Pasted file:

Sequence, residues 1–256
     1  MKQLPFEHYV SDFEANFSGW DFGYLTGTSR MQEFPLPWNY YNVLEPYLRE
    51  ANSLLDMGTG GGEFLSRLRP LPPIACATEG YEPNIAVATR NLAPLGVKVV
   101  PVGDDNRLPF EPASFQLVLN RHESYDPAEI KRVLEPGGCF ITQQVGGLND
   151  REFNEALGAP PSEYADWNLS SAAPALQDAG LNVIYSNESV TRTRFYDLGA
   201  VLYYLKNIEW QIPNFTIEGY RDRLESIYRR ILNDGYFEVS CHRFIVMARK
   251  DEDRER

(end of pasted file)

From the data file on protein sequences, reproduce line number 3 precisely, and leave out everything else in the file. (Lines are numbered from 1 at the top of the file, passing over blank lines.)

    51  ANSLLDMGTG GGEFLSRLRP LPPIACATEG YEPNIAVATR NLAPLGVKVV